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digigraphs


Eynsham is the home of digigraphs. they are being developed by two Eynsham artists, Sue Raikes and Adrian Moyes.

what are digigraphs ?
Digigraphs are computer paintings; they use a computer as a tool for painting. They may, but need not, use photographs - as inspiration, texture or shape. Many digigraphs are abstract images; some of them are hand drawings on a computer - some originated (often a long way back) in photographs.

Digigraphs are artwork generated by computers (as opposed to photographs, which are images generated by light). It's not yet clear exactly what the definition of a digigraph is, nor where the boundaries are with graphic art, digital art and so on. Maybe digigraphy is, or will become over time, a separate category of art , or maybe it won't. For the moment though, the term digigraph is used to describe the sort of art on this page (and the next). Eynsham is the UK centre for such work.

These pages show some images where the artists are experimenting with different styles - a spectrum running from quite photographic photo-montages at one end, to more abstract computer drawings at the other.


a note on the artists

Sue Raikes' development of digigraphs arose out of her experience with the process of etching; if you change your mind with an etching, you can't go back and undo what you've already done. With Photoshop on a computer, you can use Layers, in the same way as in etching, to build up depth and composition, and you can delete them (temporarily or permanently) as you change your mind or develop your ideas.

Adrian Moyes' enthusiasm came from his delight at being able to by-pass drawing (a low skill area for him) and paint with photographs, enabling him to build up an image very different from a photograph - more like a painting perhaps, but different from a painting too. More recently, he has done a series of triptychs - three version of the same place or event.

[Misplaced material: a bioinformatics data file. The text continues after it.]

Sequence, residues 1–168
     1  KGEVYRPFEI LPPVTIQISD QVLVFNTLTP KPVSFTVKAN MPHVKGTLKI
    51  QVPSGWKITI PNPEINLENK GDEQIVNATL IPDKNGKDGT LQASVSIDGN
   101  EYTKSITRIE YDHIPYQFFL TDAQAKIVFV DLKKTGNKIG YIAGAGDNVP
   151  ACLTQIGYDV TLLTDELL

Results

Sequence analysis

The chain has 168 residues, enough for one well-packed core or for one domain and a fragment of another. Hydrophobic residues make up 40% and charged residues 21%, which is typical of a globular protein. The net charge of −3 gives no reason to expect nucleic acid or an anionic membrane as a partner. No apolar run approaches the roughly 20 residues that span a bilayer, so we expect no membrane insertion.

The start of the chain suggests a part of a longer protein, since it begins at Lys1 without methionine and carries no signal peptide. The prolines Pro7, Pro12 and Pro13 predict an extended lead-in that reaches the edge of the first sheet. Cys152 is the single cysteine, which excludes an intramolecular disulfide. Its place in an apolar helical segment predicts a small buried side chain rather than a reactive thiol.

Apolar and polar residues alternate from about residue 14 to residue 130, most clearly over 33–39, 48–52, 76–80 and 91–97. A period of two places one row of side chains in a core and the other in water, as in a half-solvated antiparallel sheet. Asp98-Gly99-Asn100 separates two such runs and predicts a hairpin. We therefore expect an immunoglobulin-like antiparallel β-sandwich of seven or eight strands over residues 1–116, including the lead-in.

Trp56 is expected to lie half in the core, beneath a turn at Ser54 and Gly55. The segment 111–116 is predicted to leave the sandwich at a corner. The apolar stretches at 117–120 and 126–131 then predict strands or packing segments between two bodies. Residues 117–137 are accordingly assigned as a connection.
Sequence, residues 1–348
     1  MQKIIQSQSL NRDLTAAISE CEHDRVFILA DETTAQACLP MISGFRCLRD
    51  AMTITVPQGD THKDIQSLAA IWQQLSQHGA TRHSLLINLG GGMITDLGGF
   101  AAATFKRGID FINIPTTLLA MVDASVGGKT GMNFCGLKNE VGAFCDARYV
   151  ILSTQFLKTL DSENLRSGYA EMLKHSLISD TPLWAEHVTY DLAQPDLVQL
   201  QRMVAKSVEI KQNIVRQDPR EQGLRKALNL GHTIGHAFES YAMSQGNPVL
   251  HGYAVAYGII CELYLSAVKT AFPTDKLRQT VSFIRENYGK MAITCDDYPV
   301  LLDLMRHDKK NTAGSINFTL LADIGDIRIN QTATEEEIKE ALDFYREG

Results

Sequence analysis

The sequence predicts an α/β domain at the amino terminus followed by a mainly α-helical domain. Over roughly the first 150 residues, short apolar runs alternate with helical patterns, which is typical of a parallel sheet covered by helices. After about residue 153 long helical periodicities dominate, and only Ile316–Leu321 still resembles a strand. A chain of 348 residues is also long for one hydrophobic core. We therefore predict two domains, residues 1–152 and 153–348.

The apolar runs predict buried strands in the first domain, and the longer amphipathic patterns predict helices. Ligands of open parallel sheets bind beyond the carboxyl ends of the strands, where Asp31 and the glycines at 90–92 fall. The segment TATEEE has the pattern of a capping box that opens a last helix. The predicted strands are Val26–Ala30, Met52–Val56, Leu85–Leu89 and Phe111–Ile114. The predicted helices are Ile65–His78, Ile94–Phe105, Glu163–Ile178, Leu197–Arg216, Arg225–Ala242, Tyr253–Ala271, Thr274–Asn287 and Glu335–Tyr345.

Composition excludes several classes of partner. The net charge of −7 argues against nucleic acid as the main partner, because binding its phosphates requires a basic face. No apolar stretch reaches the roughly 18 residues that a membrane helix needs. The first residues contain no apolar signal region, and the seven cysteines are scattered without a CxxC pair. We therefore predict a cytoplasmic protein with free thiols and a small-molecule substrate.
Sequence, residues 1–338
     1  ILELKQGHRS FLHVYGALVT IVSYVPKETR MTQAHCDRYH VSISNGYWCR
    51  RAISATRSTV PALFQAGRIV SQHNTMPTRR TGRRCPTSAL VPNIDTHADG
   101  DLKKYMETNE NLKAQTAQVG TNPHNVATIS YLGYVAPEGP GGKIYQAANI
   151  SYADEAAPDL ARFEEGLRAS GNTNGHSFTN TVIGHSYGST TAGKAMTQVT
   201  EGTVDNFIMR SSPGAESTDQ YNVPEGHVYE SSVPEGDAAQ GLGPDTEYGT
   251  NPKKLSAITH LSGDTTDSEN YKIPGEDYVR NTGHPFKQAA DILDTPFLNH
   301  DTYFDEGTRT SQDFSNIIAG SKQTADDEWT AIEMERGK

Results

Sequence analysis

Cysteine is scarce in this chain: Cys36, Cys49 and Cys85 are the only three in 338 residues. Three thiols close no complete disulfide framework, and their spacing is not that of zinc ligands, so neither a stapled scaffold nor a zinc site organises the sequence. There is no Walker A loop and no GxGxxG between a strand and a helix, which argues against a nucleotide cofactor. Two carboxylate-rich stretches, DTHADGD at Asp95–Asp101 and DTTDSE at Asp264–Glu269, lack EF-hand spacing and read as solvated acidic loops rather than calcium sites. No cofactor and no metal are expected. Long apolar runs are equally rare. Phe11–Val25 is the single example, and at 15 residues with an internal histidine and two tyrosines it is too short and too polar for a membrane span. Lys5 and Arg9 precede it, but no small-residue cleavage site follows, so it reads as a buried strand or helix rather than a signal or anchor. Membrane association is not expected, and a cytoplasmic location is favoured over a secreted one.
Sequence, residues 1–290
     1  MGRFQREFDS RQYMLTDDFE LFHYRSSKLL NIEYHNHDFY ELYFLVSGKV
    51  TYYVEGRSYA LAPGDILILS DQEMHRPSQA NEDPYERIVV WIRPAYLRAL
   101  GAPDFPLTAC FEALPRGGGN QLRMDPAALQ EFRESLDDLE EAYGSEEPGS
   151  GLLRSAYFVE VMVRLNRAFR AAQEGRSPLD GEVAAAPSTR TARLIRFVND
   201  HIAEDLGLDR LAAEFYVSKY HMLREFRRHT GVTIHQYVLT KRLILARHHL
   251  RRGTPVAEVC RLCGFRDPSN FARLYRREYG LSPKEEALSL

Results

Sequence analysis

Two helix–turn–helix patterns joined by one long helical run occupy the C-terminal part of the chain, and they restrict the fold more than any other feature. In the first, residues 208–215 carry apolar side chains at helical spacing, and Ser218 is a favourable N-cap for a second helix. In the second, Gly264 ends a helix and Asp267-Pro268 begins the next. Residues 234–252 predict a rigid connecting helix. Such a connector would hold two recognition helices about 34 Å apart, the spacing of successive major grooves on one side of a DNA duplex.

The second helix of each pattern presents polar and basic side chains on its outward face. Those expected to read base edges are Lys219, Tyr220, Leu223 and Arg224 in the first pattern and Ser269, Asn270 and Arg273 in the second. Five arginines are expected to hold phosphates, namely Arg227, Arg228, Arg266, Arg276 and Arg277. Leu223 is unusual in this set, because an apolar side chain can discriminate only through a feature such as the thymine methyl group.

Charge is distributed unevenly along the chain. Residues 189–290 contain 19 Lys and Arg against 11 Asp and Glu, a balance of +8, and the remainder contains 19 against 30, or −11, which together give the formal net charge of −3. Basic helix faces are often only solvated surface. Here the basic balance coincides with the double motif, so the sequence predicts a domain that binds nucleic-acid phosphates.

Colours of Caune is an attempt to capture the colours - and indeed whole atmosphere - of Caune Minervois, a village near Carcassonne in France. The colours on the shutters are all in various shades of grey-green - so I've aligned them like colour-swatches for choosing paint.
Colours of Caune, Adrian Moyes, 2008
Red Hut, Adrian Moyes, 2009
Floatng Forest, Sue Raikes , 2009
Red Hut (above) is based on a winter scene at Rye in Sussex. I wanted to capture the sadness, the bleakness and also the beauty.
Floating Forest (above left) originated as a water-colour painting, subsequently manipulated on the computer.
Acoustic Skating (left) is based on a striking contemporary concert hall on the outskirts of Rome, which has a skating rink alongside it.

I like the air of mystery (maybe Plato's cave ?) and the realistic passers-by, ignoring the skaters.

Acoustic Skating, Adrian Moyes, 2008

Roman Sunday, Adrian Moyes, 2008
Four types of Romans out on Sunday - the rich (near left), the young family (near right), the trendy This-Lifers (far left) and the regular citizens (far fight).
Swinford Lock, near Eynsham, Sue Raikes, 2010

Lost Content, Adrian Moyes, 2009
St Malo boats (right) originated as a water-colour painting, subsequently manipulated on the computer.
St Malo boats, Sue Raikes, 2010

Branly, Adrian Moyes, 2010
Branly (above) is based on the garden of the Musee Branly in Paris. It also forms part of the Paris triptych.
Village Meeting, Adrian Moyes, 2007
early digigraphs
more digigraphs